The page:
As the Campus Relations Manager for IT-oLogy, it is my job to visit different colleges and universities and talk with students about careers in the IT profession. I find that many times students are completely clueless on what employers are looking for in their resume. Let’s face it, if all an employer see’s is your resume, it should be quite impressive, right? RIGHT! Let’s say you make it to the interview – what next? Hopefully this post will help you with misconceptions and concerns regarding resume writing and interviewing tips.
Writing your resume – 5 simple rules
Your resume is a direct reflection of you and no one else. Make sure you treat it this way.
- 1-TEMPLATES: If you decide to use a template, make sure to individualize it some. Recruiters see thousands (literally thousands) of resumes so you need to make yours stands out! So, how do you do this? For an ideal resume, create your own template but keep it simple.
- 2-FONT:Chose fonts such as Calibri, Times New Roman, Book Antigua or Arial. These fonts are all professional and appeal to mostly everyone. FONT SIZES: Your name should always be the highlight of your resume. 18 MAX for your name and 10-12 for your contact information.
- 3-WORD PLACEMENT:
Address, Phone Number, Email Address (make sure your email address is professional. EX. firstname.lastname@example.org DO NOT use emails such as email@example.com. Also, the number listed on your resume should be YOUR number and no one else’s. If you have to use someone else’s phone number make sure that person knows you are looking for a job. It is very aggravating for a recruiter to call and speak with someone and the person either hang up the phone or say “WE DON’T WANT ANY!” This will NOT get you your dream job!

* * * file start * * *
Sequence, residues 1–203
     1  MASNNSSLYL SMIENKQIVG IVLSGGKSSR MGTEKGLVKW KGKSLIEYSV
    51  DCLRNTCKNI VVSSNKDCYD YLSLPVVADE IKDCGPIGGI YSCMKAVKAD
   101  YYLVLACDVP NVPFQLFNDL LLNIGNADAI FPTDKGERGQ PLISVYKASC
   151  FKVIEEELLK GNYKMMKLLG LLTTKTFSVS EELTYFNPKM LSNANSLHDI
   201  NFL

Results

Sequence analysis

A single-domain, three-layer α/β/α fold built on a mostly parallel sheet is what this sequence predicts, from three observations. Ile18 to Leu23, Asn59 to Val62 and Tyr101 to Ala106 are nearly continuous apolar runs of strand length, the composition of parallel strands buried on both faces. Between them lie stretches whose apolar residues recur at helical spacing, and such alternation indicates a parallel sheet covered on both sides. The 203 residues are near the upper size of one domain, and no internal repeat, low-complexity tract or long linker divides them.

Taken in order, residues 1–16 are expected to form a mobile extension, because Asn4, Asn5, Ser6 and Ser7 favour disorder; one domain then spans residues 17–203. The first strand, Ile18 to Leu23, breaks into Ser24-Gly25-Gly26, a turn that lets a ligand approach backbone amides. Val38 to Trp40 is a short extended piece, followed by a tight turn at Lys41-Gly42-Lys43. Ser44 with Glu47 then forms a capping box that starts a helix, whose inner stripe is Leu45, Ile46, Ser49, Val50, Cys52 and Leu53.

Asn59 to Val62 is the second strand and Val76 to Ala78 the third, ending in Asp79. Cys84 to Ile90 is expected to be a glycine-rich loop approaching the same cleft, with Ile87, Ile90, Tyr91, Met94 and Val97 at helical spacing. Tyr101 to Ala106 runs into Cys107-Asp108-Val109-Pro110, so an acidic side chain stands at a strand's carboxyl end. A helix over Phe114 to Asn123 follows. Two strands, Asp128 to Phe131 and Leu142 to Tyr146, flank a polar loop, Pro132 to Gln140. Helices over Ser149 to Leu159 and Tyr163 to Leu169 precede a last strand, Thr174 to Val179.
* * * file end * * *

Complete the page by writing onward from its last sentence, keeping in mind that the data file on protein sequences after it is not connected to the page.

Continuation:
Objective OR Skills (Objective: Should be a brief explanation of what type of job you are looking for. Skills is a good way to showcase a summary of your experience. Bullet point areas where you’ve had significant experience. EX. Publisher, Dreamweaver, Drupal. Also, experience doesn’t include JUST work history. If you’ve had a significant class list it as well! EX. Mainframe 101)
Education (Start with the Highest Education Level. List the full name of the institution, desired/completed degree, graduation/expected graduation date. You can list current GPA only if it exceeds a 3.0.)
Experience (Using the word “Experience” vs. “Work History” or “Work Experience” allows those that don’t have actual work experience to list activities and organizations. Start with the most recent experience. List the full name of the company and the month/year you were employed. Underneath each, have bullet points of your responsibilities/duties. These can either be full sentences or word groupings. Do NOT use both. Make sure your verbiage is either past tense or present depending on the time frame of the bullet point.)
Activities/Honors (If you had work history to list in the above bullet point, this is where you would list any other affiliations you may have. EX. President Honor Society. Just as you did with Experience, list bullet points for each activity to show several details of what you did/do for the club/organization. List any honors you have earned. EX. Life Scholarship Recipient 2009-2011.)
References (Simply write “Available upon request” You do NOT want to go ahead and list your references. Most companies will let you know they need this information during a phone screen. At this time you can let your references know Company “A” may be contacting them. This gives your references a head’s up, which they will appreciate.)
- 4-PERSONAL INFORMATION: Do NOT list any personal information on your resume. This includes age, marital status, etc. Your resume should be professional and ONLY include items that showcase your professional/educational experience, NOT your personal history.
- 5-REVIEW:Make sure to do spell check! A mispelled word can automatically eliminate you from consideration! Also, have a peer review your final work. Another opinion is exactly what you need to make sure you didn’t miss anything.
In conclusion, make sure you spend time on your resume! Just like anything else, if you take five minutes creating the resume…it will look like a five minute resume. Your resume is a collection of everything you’ve accomplished and you should take the time to showcase that! As always, if you’re looking for more information visit the internet. Simply google “Resume tips” or “Resume Examples” and you will come across tons of other advice. Feel free to email me with additional questions at, firstname.lastname@example.org
So you have the perfect resume…Now what? Come back next week for interview tips!